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Plane Travel And Tooth Extractions: What You Should Know

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Getting a tooth extracted is never ideal, but it does have to happen in many circumstances. Whether you have a tooth that is beyond repair or you have teeth that are crowding out other teeth, they need to be taken care of sooner rather than later. One thing you may not have considered as you are making your extraction appointment is your travel schedule. Although you can have a tooth extracted any day of the week, you should strongly consider avoiding plane travel the day after a tooth extraction.

Are There Risks Associated with Plane Travel After an Extraction?

If you fly often, you are aware of the pressure changes in the plane as it ascends and descends. It can impact your body in various ways, such as that popping feeling you get in your ears. This is often uncomfortable for people under normal circumstances. The pressure can impact other areas of the body as well, particularly areas that have been through any type of trauma. This can include a tooth extraction site.

If you have just had a tooth removed, you might still be dealing with the discomfort that comes along with it. The changes in cabin pressure can cause additional discomfort. If you absolutely must fly the day after an extraction, be sure to let your dentist know so you can get some medication to help you deal with potential discomfort.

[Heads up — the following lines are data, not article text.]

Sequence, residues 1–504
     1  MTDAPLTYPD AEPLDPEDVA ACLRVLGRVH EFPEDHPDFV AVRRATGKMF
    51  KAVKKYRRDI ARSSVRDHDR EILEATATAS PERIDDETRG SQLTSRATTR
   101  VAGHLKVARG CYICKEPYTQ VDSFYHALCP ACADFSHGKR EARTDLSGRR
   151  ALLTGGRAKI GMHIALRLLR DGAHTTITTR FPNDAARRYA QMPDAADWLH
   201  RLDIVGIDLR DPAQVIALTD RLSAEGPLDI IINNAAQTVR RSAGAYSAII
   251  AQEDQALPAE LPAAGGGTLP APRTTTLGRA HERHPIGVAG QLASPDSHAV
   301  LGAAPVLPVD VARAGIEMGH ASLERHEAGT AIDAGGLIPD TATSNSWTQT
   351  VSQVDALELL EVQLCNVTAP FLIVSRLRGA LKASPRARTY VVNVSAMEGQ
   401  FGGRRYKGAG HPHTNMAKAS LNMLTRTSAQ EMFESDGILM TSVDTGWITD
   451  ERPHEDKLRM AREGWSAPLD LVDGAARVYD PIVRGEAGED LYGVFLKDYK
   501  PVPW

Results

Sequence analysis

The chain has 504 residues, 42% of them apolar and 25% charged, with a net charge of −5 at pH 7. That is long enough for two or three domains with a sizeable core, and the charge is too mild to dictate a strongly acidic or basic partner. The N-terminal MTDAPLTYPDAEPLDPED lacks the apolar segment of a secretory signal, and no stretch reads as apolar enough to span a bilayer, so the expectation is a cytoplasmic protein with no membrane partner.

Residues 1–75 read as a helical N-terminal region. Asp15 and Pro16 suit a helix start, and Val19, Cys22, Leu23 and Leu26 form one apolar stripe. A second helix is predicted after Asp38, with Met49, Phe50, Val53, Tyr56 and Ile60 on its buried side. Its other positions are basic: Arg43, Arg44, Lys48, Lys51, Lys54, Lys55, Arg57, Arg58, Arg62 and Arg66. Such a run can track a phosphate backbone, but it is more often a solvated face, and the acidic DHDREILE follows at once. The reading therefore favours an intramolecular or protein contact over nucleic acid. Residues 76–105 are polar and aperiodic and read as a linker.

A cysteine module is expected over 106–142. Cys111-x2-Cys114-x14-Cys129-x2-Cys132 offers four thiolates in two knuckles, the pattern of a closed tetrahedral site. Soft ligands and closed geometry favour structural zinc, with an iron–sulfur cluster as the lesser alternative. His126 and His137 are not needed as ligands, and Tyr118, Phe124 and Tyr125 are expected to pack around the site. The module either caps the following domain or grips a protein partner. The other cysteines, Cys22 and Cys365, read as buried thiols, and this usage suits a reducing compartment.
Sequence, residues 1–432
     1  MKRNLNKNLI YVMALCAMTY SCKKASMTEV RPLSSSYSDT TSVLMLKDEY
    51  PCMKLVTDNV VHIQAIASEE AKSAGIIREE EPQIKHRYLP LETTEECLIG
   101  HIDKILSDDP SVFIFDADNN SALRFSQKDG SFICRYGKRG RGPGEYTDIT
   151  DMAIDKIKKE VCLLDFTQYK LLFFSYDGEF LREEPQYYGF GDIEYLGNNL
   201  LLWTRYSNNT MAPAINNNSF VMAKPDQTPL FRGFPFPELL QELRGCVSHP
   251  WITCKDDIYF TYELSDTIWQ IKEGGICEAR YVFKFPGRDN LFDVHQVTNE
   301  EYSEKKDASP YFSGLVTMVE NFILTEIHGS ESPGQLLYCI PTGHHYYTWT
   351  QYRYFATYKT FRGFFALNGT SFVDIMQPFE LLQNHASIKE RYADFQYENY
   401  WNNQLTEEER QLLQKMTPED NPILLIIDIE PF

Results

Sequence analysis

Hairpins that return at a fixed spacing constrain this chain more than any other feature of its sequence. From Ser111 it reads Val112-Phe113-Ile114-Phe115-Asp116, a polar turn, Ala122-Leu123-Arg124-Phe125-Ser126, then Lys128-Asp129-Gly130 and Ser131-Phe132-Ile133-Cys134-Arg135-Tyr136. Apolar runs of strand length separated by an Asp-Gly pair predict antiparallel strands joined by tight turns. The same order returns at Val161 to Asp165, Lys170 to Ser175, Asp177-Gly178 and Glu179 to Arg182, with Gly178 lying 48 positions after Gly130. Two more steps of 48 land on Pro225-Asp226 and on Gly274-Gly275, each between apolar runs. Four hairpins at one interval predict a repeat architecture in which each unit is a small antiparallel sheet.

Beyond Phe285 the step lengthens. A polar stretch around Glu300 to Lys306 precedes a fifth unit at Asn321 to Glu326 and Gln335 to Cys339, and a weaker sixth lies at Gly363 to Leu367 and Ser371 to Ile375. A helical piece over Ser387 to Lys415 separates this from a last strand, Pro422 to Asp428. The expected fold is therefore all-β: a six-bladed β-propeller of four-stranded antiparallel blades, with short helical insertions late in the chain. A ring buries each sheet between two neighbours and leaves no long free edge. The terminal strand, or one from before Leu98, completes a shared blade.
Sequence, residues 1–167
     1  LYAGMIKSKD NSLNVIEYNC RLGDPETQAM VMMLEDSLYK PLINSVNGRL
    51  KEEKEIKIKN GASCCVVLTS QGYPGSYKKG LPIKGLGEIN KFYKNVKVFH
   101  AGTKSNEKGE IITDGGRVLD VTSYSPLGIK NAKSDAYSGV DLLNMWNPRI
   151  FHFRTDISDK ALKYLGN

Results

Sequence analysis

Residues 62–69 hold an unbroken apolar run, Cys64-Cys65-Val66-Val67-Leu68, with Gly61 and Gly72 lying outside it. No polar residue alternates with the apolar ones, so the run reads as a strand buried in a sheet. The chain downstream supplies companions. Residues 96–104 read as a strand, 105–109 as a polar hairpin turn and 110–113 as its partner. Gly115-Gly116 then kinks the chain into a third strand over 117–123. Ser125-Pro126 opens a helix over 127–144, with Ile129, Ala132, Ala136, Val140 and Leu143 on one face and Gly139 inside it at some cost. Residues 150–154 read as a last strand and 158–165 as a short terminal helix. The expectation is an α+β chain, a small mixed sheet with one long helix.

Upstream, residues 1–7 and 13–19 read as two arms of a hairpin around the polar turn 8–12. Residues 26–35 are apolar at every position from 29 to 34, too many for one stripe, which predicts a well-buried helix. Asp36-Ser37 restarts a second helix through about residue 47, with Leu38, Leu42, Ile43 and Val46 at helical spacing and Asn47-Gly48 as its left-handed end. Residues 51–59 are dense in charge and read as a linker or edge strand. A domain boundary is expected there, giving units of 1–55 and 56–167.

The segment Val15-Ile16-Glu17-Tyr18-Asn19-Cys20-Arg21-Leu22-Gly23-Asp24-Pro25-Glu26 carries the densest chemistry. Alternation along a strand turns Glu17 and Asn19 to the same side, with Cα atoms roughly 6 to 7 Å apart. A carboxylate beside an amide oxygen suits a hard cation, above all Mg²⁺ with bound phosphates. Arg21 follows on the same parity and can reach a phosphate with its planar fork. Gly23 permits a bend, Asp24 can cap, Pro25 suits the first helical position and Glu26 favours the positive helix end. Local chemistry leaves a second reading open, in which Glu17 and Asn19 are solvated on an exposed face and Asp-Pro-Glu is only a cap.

Can You Prepare Ahead of Your Travels?

If you cannot change your travel plans after your tooth extraction, there are some things you can do to prepare yourself so you do not experience additional discomfort. You should keep your pain medication in your carry-on item, not in your checked luggage. You need to be able to access it when you need it. Be sure to keep any prescription medication in its original bottle. You also want to have some extra gauze on hand. As the pressure in the cabin changes, the area may begin to bleed again. You might also want to have a plastic storage bag or an empty ice pack with you. You can then ask the flight attendant for some ice in the event you begin to experience swelling. In addition, make sure you have your dentist's office number in case you have any problems during or after your flight.

If at all possible, try to either rearrange your plane travels or your dental extraction so that they do not coincide. If you cannot, make sure to have all the necessary items with you to treat yourself. Be sure to rest after you get off the plane for at least a couple of hours to help you heal more quickly. Reach out to a family dentist for more information.